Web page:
New Gene Editing Tool Corrects Mutations in Mitochondrial DNA
New Gene Editing Tool Corrects Mutations in Mitochondrial DNA

New Gene Editing Tool Corrects Mutations in Mitochondrial DNA

An enzyme pulled from toxic bacteria can enter the organelle and perform single-nucleotide DNA swaps.

Amanda Heidt
Amanda Heidt
Jul 9, 2020

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In a creative feat of molecular engineering, scientists have for the first time developed a gene editing tool capable of making targeted, single base pair changes in the DNA of mitochondria. The new editor, derived from a bacterial toxin, could allow researchers to better study mitochondrial diseases ahead of possible future treatments, Science reports. 

While genome editing tools such as CRISPR can easily enter the nucleus of a cell, the mitochondria are swathed in membranes, making them inaccessible to bulky CRISPR molecules. Other tools such as TALENs and ZFNs have previously passed into the mitochondria of plant and animal cells, but STAT reports that these early tools were only able to cut out and remove mutated DNA, not correct it with targeted precision. Because of the difficulty in rewriting mitochondrial DNA, scientists have struggled to create animal models of mitochondrial diseases with the same mutations to study them in detail.

“We’ve been looking for a technology like this for a very long time,” Fyodor Urnov, a biologist at the Innovative Genomics Institute, who reviewed the team’s July 8 paper in Nature, tells STAT. “We’ve been able to make point mutations in human nuclear DNA for 15 years, but mitochondria have resisted that furiously, much to the great frustration of everybody. With this technology, mitochondrial research will enter a golden age.”

Mitochondria do a lot with their relatively paltry 37 genes—compared to around 30,000 in the nuclear human genome—generating the chemical energy that drives normal cellular function and synthesizing important hormones and neurotransmitters. Even a single base pair change in many of these genes can lead to devastating, and often deadly, diseases, STAT reports.

Mitochondrial diseases often begin manifesting from birth. The most common mitochondrial disease, mitochondrial encephalomyopathy, lactic acidosis, and stroke-like episodes (MELAS), causes repeated seizures in young children and can stem from a single nucleotide change in the MT-TL1 gene that slows protein production. Another mitochondrial disease, mitochondrial DNA depletion syndrome (MDDS), attacks the muscles and brain as a result of single point mutations across multiple genes.

David Liu, a chemical biologist at the Broad Institute who coauthored the paper, has been working to develop gene editing tools called base editors, capable of swapping one pair of nucleotides for another.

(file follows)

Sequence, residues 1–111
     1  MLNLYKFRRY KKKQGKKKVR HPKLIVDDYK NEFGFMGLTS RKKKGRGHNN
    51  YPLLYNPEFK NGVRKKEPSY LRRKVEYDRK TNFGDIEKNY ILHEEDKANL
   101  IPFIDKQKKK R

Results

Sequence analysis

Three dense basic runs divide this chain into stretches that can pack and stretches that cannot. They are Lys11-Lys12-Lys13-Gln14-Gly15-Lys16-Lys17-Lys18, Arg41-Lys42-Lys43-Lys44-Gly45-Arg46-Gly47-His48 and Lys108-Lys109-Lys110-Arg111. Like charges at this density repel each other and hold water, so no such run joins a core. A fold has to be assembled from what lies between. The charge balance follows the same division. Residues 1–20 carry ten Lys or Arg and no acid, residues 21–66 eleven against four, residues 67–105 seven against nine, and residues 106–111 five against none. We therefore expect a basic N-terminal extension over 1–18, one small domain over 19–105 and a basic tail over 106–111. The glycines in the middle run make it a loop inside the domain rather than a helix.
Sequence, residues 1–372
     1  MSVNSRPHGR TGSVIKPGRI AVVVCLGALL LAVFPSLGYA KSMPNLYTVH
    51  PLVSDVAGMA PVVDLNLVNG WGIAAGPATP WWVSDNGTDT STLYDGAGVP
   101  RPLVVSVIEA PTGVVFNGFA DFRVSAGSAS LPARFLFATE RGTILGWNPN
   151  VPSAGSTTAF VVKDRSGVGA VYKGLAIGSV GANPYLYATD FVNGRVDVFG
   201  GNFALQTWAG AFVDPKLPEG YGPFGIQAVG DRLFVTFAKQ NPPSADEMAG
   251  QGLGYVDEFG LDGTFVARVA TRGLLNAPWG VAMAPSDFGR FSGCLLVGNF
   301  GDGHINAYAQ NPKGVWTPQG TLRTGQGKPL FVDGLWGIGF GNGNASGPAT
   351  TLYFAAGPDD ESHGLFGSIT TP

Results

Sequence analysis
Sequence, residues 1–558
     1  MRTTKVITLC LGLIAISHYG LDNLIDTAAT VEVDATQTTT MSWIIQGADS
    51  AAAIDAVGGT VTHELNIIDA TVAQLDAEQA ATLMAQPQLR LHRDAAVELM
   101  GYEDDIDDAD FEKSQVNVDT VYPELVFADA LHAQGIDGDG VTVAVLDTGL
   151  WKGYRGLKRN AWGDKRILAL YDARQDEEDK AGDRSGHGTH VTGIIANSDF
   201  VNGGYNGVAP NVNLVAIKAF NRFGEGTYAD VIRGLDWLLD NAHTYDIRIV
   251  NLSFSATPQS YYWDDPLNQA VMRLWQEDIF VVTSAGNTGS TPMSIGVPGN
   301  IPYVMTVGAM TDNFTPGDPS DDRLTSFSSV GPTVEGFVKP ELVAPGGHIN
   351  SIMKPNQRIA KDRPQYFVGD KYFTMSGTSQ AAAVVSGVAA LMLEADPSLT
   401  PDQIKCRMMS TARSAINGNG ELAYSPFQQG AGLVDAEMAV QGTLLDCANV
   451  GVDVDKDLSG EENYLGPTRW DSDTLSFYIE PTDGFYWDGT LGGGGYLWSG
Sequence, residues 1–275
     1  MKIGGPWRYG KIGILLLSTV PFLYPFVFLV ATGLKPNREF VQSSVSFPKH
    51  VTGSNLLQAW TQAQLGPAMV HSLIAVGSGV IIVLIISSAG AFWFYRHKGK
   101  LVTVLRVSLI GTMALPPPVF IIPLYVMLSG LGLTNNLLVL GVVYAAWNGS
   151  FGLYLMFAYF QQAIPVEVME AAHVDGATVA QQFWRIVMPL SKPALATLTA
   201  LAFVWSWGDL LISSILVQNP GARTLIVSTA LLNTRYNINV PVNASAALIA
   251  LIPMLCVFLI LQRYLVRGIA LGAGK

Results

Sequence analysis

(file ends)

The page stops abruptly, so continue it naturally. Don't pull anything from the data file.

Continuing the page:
Across the country, Joseph Mougous, a biologist at the University of Washington, was studying the weapons bacteria use to fight each other. One day, he tells STAT, his postdoc Marcos de Moraes isolated a toxin secreted by the bacterium Burkholderia cenocepacia to infiltrate and kill other competing strains. In targeting certain areas along a rival bacterium’s DNA, the toxic enzymes prompted single letter changes—converting a C to a T—that caused the DNA to degrade.

Mougous reached out to Liu to ask if this bacterial toxin might have use as a base editor. Liu’s own pioneering CRISPR tools only work on single stranded DNA, Science reports, relying on the Cas9 enzyme to split the DNA into two single strands for the editing enzymes to act on. But the new method can make single nucleotide changes directly on double-stranded DNA, and because it doesn’t rely on a bulky guiding strand of RNA to direct the Cas9 enzyme, it’s able to pass into mitochondria.

While it sounded promising in theory, Mougous was still suggesting they inject a toxin into human cells—in a worst-case scenario, the enzyme might cause massive damage. Liu asked him how he planned to “tame the beast.” A graduate student in Liu’s lab, Beverly Mok, came up with the idea of splitting the enzyme into two nonreactive pieces and attaching them to proteins that bind specifically to the target site in the mitochondrial genome. Once both pieces are present, they could be rejoined, jumpstarting the repair process.

In studies using human cells, the tool effectively repaired between 20 percent to 40 percent of its targets after three to six days, STAT reports. And while Mok’s method of splitting the enzyme in two seemed to keep the process in check, there were some off-target edits. Nevertheless, the findings have the potential to push mitochondrial research into a new phase. 

“I’ve been in the field for 25 years, and this is the first time ever that we’ve been able to [manipulate cells], and, voilà, a few days later, you have edits to the mitochondrial DNA,” Vamsi Mootha, a Broad Institute specialist in mitochondrial dysfunction and coauthor, tells Science.

It will likely be years, if not decades, before any person can be treated with therapeutics based on the new method. Even then, doctors would need to catch the diseases early enough in children to successfully minimize damage to the brain and muscles, STAT reports. “There is room for improvement,” Urnov says, “but the history of this field tells us that something that starts at 20% efficiency can, with technical optimization, get to 80% and above.”

In the short term, Michal Minczuk, a mitochondrial geneticist at the University of Cambridge who was not involved in the work, tells Nature, the toxin may help to generate animal models that would allow researchers to study mitochondrial abnormalities in more detail. “We could expedite this tremendously,” he says. “It’s an amazing step forward.”